In the week to Wednesday, flows were not in cooperation. SPY (SPDR S&P 500 ETF) lost $1.9 billion. The loss was more than what VOO (Vanguard S&P 500 ETF) and IVV (iShares core S&P 500 ETF) took in – $427 million and $1 billion, respectively (courtesy of ETF.com).
In the same week, U.S.-based equity funds lost $1 billion (courtesy of Lipper).
This did not stop the bulls from rallying the cash another 1.2 percent this week.
The index is overbought on nearly all time frame, with the daily RSI (14-day) in particular closing the week at 76-plus. It read 78-plus on Thursday – the highest since February this year.
After losing near-term support at 118.40 – as well as the 50-day – nine sessions ago, the cash ($117.31) has remained under that support-turned-resistance.
On the weekly chart, the momentum is down. The bulls need to defend near-term support at 116.90, which they did Friday.
In the event of a rally, the 50-day (118.45) holds importance.
From gold bugs’ perspective, the week produced both good and bad news. Good because buyers showed up at the $1,270/ounce level on the cash ($1,274.9). Bad because this was not enough to arrest the downward momentum.
In the week through Wednesday, GLD (SPDR gold ETF) lost $425 million, even as IAU (iShares gold trust) took in $124 million (courtesy of ETF.com).
The weekly chart continues to unwind the overbought condition it is in.
In a worse-case scenario, the metal drops to test the 200-day ($1,250.91). This is about where a trend line from last December meets.
That said, the daily chart is itching to move higher.
The cash (6064.57) broke out of two-month horizontal resistance at 6000 – finally – but still remains trapped within a rising four-month wedge.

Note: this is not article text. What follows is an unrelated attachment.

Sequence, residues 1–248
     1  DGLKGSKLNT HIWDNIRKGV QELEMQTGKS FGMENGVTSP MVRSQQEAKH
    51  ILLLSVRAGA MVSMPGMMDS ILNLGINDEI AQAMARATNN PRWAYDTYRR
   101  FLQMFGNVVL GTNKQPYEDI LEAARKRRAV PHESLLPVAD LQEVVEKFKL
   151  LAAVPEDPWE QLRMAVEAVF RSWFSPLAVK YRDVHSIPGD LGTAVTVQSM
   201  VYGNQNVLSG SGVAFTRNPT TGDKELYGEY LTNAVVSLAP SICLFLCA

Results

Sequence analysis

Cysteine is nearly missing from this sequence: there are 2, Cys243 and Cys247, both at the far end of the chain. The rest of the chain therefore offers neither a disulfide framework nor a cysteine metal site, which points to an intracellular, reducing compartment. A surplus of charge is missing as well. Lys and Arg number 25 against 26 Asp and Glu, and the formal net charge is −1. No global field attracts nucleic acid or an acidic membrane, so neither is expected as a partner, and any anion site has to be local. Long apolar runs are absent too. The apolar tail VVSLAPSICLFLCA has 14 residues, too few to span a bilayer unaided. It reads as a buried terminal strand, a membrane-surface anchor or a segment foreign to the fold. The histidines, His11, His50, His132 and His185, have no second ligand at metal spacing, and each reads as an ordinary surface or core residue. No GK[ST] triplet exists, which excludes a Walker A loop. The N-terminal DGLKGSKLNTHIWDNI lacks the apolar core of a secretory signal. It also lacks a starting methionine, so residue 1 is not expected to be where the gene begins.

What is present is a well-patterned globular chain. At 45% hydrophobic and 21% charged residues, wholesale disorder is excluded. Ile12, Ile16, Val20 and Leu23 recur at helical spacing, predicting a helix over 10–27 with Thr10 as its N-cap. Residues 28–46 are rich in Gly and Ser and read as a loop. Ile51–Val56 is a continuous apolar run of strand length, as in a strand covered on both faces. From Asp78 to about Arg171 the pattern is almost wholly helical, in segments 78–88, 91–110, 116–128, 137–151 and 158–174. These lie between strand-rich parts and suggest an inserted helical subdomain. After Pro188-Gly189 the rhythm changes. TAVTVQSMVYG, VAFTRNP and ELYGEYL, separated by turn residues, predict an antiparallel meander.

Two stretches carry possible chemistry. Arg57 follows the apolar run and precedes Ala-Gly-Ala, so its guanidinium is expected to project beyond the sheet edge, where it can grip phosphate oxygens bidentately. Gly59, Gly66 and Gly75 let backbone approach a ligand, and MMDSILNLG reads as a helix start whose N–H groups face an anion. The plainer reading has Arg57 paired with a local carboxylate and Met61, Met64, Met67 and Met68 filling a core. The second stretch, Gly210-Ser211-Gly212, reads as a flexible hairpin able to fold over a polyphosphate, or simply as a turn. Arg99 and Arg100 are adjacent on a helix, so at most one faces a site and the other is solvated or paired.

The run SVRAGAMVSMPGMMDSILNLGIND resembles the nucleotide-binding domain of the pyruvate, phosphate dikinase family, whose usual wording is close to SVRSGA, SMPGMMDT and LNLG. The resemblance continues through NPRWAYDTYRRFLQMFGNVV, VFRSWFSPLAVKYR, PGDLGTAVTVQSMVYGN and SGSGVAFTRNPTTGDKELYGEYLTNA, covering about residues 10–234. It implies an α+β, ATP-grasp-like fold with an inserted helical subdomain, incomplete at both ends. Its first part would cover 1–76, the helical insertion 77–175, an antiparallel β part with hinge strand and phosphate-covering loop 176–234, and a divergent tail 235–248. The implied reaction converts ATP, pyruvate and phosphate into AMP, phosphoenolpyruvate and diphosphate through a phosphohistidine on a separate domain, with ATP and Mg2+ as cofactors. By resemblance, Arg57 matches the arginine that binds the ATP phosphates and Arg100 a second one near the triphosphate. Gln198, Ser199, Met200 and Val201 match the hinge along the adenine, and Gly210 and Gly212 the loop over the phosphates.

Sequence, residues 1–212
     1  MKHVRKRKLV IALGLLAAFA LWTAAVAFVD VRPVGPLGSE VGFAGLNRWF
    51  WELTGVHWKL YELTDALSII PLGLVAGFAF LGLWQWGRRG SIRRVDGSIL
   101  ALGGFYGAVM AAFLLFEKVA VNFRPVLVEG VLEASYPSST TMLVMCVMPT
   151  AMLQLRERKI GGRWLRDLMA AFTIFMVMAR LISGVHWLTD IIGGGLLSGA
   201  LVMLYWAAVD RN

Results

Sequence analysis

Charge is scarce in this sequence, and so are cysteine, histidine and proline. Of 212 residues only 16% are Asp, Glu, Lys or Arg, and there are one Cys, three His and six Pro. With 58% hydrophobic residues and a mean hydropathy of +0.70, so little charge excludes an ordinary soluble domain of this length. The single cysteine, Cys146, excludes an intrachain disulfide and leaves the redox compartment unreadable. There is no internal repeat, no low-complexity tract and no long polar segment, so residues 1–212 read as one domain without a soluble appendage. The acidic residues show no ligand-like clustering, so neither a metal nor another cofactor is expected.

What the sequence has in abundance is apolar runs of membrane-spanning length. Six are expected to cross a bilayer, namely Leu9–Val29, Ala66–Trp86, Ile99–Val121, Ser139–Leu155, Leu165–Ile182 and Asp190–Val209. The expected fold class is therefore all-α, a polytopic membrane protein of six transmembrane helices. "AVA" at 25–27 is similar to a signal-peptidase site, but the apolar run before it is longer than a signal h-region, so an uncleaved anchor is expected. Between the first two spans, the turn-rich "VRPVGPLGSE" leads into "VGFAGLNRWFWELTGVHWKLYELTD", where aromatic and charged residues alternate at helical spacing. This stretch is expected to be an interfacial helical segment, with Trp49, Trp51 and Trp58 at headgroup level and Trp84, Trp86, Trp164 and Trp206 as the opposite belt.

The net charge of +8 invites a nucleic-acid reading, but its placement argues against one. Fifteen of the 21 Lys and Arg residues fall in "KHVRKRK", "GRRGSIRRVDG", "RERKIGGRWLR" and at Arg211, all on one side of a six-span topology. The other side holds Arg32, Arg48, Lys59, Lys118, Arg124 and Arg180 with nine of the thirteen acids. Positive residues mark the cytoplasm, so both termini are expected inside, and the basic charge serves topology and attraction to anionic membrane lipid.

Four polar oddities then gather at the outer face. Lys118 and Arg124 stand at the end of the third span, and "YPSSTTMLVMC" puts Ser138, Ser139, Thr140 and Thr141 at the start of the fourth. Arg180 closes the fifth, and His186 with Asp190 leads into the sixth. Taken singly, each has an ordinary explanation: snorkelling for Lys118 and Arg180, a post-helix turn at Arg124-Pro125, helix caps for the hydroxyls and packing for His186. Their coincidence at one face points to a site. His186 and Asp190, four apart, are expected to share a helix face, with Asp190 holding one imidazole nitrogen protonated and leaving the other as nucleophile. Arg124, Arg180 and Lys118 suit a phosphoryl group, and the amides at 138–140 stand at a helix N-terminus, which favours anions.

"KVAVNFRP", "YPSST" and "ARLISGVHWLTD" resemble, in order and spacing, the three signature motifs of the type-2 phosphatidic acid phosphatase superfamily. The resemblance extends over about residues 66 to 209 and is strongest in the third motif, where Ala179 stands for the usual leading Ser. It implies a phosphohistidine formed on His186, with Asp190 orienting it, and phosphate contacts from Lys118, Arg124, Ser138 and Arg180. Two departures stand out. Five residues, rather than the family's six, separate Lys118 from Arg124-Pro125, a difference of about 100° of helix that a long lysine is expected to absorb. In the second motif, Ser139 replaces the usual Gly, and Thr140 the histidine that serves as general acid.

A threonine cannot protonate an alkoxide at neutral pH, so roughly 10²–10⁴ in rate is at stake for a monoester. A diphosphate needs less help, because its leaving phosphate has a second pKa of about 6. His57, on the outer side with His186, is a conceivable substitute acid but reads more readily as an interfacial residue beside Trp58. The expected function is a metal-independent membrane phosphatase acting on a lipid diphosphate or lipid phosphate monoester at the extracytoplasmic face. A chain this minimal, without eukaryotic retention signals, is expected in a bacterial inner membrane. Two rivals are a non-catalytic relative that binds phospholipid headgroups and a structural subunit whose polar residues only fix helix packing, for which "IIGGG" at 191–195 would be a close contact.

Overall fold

The breakout took place Thursday, and at least through Wednesday, flows were not cooperating.
In the week to Wednesday, QQQ (PowerShares QQQ trust) lost $319 million. This followed outflows of $1.1 billion in the prior week (courtesy of ETF.com).
The cash (1510.22) continued to build on last week’s wedge breakout. As overbought as it is on the daily chart, it has pretty much traded along a sharply rising upper Bollinger band for 20 sessions.
Some signs of fatigue can be seen on IWM (iShares Russell 2000 ETF). After Monday’s 1.2-percent rally, Tuesday produced a hanging man, followed by a spinning top and a doji.
The ETF/Russell 2000 is up 12 percent since bottoming August 18, and has rallied in six of the last seven weeks.
Non-commercials probably lent a big helping hand in this. Net shorts dropped from 87,499 contracts five weeks ago to 4,435. Some squeeze!
As did the flows.
In the week to Wednesday, per ETF.com, $198 million moved into IWM, and $684 million into IJR (iShares core S&P small-cap ETF). In the past three weeks, they together attracted $3 billion.
Oversold weekly conditions kept unwinding. The cash (93.64) continued to push higher. Shorter-term moving averages are rising. The 50-day is flattish, but looks to be on the verge of pointing up.
Near term, resistance lies at 94, which was unsuccessfully tested Friday. Down below, the bulls need to defend broken-resistance-turned-support at 92.50-60.
Seven weeks and counting. That is the number of weeks the VIX-to-VXV ratio has remained oversold. In five of the last seven, the ratio has been in mid- to high-0.70s and two were in low-0.80s. At least going back two and a half years, the ratio has lingered in oversold territory for weeks before spiking.
For that to happen, VIX needs to get its act together. Thus far, volatility bears continue to slam the cash near the 10- and 20-day. All five sessions closed sub-10 this week.
That said, the 10-day is at least beginning to go flat, and from the bulls’ perspective, Friday’s action is encouraging, having bounced off the lower Bollinger band. These bands have narrowed quite a bit.
Thanks for reading!